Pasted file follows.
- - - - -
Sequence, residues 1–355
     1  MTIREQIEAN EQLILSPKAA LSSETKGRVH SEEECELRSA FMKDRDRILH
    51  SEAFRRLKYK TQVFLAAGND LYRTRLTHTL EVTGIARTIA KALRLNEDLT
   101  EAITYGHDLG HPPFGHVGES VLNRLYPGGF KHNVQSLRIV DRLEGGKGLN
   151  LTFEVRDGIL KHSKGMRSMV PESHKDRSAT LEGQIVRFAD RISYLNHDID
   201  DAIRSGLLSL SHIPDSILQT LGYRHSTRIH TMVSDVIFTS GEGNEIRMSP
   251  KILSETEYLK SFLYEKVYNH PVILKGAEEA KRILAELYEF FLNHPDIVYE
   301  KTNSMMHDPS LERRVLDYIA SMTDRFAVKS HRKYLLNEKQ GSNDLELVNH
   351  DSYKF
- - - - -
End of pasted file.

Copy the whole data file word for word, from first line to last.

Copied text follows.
Sequence, residues 1–355
     1  MTIREQIEAN EQLILSPKAA LSSETKGRVH SEEECELRSA FMKDRDRILH
    51  SEAFRRLKYK TQVFLAAGND LYRTRLTHTL EVTGIARTIA KALRLNEDLT
   101  EAITYGHDLG HPPFGHVGES VLNRLYPGGF KHNVQSLRIV DRLEGGKGLN
   151  LTFEVRDGIL KHSKGMRSMV PESHKDRSAT LEGQIVRFAD RISYLNHDID
   201  DAIRSGLLSL SHIPDSILQT LGYRHSTRIH TMVSDVIFTS GEGNEIRMSP
   251  KILSETEYLK SFLYEKVYNH PVILKGAEEA KRILAELYEF FLNHPDIVYE
   301  KTNSMMHDPS LERRVLDYIA SMTDRFAVKS HRKYLLNEKQ GSNDLELVNH
   351  DSYKF